HRM examines how to track and measure the fuzzy concept of innovation.
Innovation is a seemingly concrete term that’s a tonal shift away from being meaningless. Your smartphone receives the benefits of innovation with every update. On the other hand we’ve all met that manager who calls himself an “innovator” but whose claim to creativity rests on their ability to find new ways to describe what everybody else labels “his day job”.
The antidote to this fuzziness is measurement. According to innovation psychologist and CEO of Inventium, Dr Amantha Imber, there are four things you should be tracking.
This is the most obvious, and covers whatever your innovation efforts are returning in terms of value. These might be:
- revenue or profits from new products or ideas
- efficiency outputs, such as how many work hours a new idea or product saves
- intangible outputs, such as brand awareness.
As a specific example, Imber talks about the innovation of a major food manufacturer. Their main metric for success was the percentage of revenue that was driven by products that didn’t exist 12 months ago.
The problem that a lot of companies have if they are measuring innovation is they’re just measuring output, says Imber. So if you see an improvement or decline in your numbers you can’t actually tell why, and so can’t bolster or reverse the trend.
Another mistake companies make is limiting their focus.
Returning to the example of the food manufacturer, by only measuring revenue they restricted their thoughts to product innovation. This ignores ervice innovation, for instance. (Making a great product is one thing but improving the process of getting it in front of consumers is equally as important). Imber recommends everyone broaden their definition of innovation to “change that adds value”.
To get actionable information about your output, you need to measure input. A lot of factors contribute to innovation but some examples include:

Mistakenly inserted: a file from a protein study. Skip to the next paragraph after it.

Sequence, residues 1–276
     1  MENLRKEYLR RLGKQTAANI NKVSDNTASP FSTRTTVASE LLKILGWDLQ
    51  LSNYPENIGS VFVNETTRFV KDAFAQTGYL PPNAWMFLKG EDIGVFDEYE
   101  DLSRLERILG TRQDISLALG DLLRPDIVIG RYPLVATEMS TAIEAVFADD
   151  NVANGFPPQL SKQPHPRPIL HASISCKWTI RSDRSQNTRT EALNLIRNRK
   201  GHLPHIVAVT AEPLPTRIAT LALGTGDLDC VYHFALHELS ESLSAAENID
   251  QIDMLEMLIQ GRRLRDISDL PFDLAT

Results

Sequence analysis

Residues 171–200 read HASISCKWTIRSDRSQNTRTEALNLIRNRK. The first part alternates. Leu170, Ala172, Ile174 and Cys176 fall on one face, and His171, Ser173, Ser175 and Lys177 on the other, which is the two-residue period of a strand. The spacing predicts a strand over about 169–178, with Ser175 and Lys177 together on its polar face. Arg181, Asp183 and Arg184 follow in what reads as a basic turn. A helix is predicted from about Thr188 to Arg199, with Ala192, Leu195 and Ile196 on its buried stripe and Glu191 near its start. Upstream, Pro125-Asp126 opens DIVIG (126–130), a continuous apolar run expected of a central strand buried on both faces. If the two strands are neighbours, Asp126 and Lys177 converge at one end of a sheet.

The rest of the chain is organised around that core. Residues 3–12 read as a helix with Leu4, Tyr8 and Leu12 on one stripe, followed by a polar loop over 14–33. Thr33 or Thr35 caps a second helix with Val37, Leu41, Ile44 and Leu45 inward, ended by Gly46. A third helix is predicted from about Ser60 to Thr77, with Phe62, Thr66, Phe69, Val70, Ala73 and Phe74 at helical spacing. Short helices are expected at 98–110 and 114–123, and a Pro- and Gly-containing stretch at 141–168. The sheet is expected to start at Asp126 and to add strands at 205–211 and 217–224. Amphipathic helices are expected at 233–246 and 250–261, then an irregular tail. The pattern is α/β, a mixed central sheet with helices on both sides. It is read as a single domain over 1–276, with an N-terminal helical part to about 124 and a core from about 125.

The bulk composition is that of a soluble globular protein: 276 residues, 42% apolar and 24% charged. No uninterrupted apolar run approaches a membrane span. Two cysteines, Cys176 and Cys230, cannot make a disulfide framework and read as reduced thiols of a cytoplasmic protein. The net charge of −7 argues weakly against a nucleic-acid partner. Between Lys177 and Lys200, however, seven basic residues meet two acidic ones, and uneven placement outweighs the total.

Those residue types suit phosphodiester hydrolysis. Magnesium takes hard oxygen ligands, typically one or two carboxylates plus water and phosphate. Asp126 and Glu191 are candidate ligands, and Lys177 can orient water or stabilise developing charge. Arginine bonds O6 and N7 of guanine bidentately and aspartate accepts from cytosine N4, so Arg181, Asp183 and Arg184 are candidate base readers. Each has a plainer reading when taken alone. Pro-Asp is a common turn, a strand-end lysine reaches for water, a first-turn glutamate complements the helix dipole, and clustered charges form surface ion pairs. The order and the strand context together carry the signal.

- number of people trained in innovation skills
- amount of time people have dedicated to working on innovation projects
You can also measure what kinds of training are more effective. Is having on-the-job mentoring resulting in better output, or is your e-learning program more effective?
“Things can get a little more complicated because the relationship between inputs and outputs is generally not a linear one,” says Imber. “So there are a couple of variables we recommend that companies measure which either strengthen or weaken the relationship”.
The first of those variables to measure is process. This is a higher-level view than inputs, and focuses on the journey from identifying where you want to innovate, to actually innovating. You’re not tracking the time spent by an individual, so much as tracking the project on an organisational basis.
“If you decrease the days between deciding what you’re going to focus on through to getting that out to market, that’s going to dramatically improve the relationship between input and output,” says Imber.
Like process, if you have an innovative culture the relationship between inputs and outputs becomes more linear. Now culture might appear difficult to track, as all culture is, but well-run surveys can give you solid information.
“An organisation where innovation is thriving can be one where employees feel comfortable taking risks, or where debates about new ideas or ways of thinking are encouraged,” says Imber.
The depth of your analytics
Considering the breadth of things you should be tracking, you might think that you require a sophisticated system of digital analytics. Something that can monitor each employee’s time as well as the progress of a project. But this isn’t the case.
“It’s about knowing all the projects in your innovation pipeline,” says Imber.
“It’s very simple to track which stage of the process they’re currently at. A lot of our clients put up big visual boards of their main projects. That can make it very clear how slow or fast things are tracking.”
Don’t forget HR can innovate too
HR will frequently be called upon to help track innovation but they mustn’t forget they can innovate themselves.
“If you’re only seeing innovation as products, you’re probably missing some really interesting opportunities,” says Imber. “Often HR professionals can forget that they can produce huge breakthrough innovations that have a dramatic impact on employee experience or attracting great talent.”
She references a company that introduced a virtual reality component to their graduate recruitment program. It helped attract top notch candidates in the fierce war for talent surrounding digital graduates.
Of course, HR innovation needn’t be something as technically minded as VR. Innovation is something that can be applied at a more individual level. At AHRI’s National Convention this year, Imber will be talking about how to innovate your work day – looking at what the latest science says about how you can design it to be as rewarding as possible without having to work longer hours.
Get new ideas on HR innovation from Amantha Imber and other speakers at the AHRI National Convention and Exhibition in Melbourne from Tuesday 28 to Thursday 30 August. Early bird registration closes Thursday 31 May.